Did you know that men and women have different sleep experiences? On the whole, women report more sleep disturbances than men. NSF’s 2007 Sleep In America poll reports that two-thirds of women experience a sleep problem at least a few nights each week and as many as half report waking up feeling un-refreshed. As a result, here’s a list of healthy sleep tips specifically for female readers. And of course, don’t miss NSF’ general healthy sleep tips here.
A cool bedroom is conducive to better sleep. Room temperatures between 60 and 67 degrees Fahrenheit are optimal. Given increases in core body temperature during menstruation, it can be even more important to maintain a cool bedroom environment during menses.
We begin to feel sleepy when our body temperature drops. You can enhance this effect by taking a warm bath or shower prior to bed. The contrast between the warm bath or shower and your cool bedroom environment will help with sleep onset.
Caffeine, alcohol, and nicotine can make it difficult to fall or stay asleep. Depending on how your body absorbs caffeine, it can be helpful to avoid caffeine in the late-afternoon/evening.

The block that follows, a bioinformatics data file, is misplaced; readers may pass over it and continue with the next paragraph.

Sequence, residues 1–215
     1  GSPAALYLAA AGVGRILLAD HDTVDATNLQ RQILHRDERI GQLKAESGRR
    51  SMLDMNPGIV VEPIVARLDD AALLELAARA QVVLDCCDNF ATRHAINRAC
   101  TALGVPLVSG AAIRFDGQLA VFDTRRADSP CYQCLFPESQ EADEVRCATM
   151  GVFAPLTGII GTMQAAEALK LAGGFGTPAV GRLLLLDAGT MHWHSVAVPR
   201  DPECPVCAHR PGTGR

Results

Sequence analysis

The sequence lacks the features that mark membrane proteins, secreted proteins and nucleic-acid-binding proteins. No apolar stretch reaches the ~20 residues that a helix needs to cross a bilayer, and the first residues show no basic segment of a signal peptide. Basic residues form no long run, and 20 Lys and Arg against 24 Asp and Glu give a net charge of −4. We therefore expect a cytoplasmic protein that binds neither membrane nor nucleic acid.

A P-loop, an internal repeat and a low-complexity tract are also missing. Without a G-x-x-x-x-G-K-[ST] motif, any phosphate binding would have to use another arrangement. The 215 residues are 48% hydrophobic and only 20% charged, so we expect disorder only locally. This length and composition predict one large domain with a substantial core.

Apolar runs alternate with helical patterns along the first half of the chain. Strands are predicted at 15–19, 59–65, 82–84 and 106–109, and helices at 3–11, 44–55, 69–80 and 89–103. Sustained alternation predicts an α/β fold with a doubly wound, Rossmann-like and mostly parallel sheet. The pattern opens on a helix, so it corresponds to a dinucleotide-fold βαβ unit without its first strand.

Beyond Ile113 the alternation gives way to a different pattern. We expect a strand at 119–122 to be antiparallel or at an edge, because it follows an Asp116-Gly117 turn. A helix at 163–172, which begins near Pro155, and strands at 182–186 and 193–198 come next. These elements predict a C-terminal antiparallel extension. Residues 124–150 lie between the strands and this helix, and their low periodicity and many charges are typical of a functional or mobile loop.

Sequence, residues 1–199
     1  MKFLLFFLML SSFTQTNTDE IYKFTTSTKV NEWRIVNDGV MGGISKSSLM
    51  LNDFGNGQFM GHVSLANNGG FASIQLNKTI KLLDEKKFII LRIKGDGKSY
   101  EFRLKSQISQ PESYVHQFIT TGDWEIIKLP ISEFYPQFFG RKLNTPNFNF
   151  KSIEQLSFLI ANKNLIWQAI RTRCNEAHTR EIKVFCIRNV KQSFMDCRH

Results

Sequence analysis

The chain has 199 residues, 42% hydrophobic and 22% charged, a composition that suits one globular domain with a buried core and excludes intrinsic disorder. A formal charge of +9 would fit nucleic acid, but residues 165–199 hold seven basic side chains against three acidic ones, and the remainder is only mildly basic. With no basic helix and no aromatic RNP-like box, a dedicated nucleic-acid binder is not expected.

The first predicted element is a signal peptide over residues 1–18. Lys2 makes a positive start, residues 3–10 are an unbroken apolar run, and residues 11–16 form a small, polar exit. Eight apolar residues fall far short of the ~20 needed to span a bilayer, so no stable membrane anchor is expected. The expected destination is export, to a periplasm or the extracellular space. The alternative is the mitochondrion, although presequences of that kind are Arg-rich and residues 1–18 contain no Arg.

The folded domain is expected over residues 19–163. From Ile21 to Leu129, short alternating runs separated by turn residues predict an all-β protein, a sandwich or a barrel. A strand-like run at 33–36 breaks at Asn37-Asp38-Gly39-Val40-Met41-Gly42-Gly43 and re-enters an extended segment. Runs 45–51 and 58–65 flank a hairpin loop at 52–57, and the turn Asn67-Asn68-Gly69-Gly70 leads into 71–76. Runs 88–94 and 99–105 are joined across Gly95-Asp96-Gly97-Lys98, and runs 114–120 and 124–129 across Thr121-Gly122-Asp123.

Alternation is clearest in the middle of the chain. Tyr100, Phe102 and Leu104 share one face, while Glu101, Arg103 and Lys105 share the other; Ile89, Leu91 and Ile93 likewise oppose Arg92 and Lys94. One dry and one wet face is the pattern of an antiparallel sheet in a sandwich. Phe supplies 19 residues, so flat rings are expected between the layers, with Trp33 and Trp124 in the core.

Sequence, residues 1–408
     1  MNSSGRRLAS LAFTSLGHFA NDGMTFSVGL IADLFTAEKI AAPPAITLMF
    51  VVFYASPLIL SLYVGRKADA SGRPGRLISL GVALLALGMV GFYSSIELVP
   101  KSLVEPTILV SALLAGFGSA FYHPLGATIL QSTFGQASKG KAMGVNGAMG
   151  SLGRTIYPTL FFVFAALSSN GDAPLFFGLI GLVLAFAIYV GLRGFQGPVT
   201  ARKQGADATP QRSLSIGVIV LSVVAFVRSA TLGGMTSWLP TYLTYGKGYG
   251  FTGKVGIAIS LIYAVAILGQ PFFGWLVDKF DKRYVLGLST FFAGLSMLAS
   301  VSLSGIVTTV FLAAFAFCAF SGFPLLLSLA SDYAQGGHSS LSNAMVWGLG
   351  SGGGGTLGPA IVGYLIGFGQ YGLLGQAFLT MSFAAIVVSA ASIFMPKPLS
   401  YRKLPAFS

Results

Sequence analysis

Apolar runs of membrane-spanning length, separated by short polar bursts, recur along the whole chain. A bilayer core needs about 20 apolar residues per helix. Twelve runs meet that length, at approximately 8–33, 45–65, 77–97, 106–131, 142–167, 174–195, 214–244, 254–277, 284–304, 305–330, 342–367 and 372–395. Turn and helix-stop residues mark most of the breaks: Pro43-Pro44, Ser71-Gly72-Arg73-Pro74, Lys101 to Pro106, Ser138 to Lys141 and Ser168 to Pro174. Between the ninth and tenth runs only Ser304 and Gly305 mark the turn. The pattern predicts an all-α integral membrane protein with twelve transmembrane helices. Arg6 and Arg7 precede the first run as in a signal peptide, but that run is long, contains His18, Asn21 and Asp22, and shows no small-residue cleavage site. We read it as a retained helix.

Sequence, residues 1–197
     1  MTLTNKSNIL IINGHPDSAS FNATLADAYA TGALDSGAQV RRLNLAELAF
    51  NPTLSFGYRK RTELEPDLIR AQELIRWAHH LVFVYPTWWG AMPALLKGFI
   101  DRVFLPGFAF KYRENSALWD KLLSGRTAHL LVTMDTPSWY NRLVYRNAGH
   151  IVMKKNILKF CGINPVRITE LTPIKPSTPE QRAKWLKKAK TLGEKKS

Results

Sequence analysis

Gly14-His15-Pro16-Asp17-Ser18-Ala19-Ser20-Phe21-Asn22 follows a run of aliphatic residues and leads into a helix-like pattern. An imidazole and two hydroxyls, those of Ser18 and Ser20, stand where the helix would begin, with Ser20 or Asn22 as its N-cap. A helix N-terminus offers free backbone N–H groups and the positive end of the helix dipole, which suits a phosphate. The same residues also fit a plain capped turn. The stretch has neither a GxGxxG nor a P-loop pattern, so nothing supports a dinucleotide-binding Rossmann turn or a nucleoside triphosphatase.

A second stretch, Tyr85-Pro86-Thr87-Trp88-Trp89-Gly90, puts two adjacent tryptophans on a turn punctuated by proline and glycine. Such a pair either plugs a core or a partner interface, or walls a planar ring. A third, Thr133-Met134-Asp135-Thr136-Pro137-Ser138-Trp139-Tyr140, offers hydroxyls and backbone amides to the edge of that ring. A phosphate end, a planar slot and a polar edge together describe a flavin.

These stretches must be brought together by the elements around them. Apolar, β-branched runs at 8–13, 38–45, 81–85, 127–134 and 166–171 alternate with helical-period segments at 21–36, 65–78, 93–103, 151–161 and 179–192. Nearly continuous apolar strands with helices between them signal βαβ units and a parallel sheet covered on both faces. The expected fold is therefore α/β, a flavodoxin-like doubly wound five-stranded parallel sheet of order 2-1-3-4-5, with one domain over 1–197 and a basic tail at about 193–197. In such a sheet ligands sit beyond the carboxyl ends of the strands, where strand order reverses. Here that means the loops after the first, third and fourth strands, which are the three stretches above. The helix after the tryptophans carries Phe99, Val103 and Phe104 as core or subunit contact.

Noise can disrupt sleep and lead to less refreshing sleep. Limit bedroom noises as much as possible. An alternative to eliminating sounds is to mask them using a “white noise” device such as a sound machine.
Exposure to bright light during the daytime helps to regulate our sleep/wake cycle. Nighttime light exposure, however, even to dim light can be disruptive to sleep. Limit outdoor light through the use of black out curtains and avoid the use of electronic devices in the bedroom.
Many women report increased anxious and depressive symptoms prior to and during menstruation. Engaging in activities to alleviate these symptoms will help with sleep. Relaxation, deep breathing, or other ways of coping with stress such as keeping a “worry log” can help to decrease feelings of anxiety and depression that may disrupt sleep.
Indigestion, nausea, and diarrhea can be present during menstruation and can result in disrupted sleep. Eating a light snack and avoiding heavy meals prior to bedtime can help to avoid some of these digestion difficulties.
Going to bed at a similar time each night allows the body to anticipate and prepare for bedtime. As a result, you will feel sleepier at bedtime and fall asleep quicker. Similarly, engaging in a bedtime routine will help your body (and mind) to relax and transition into sleep. Avoid stimulating activities close to bedtime and engage in calming, relaxing rituals.
Just prior to, and during menstruation, women can experience cramping, nausea, and muscle aches. Selecting a sleeping position to minimize pressure on tender areas, such as sleeping on your side and back, can help to minimize the impact of these symptoms on your sleep.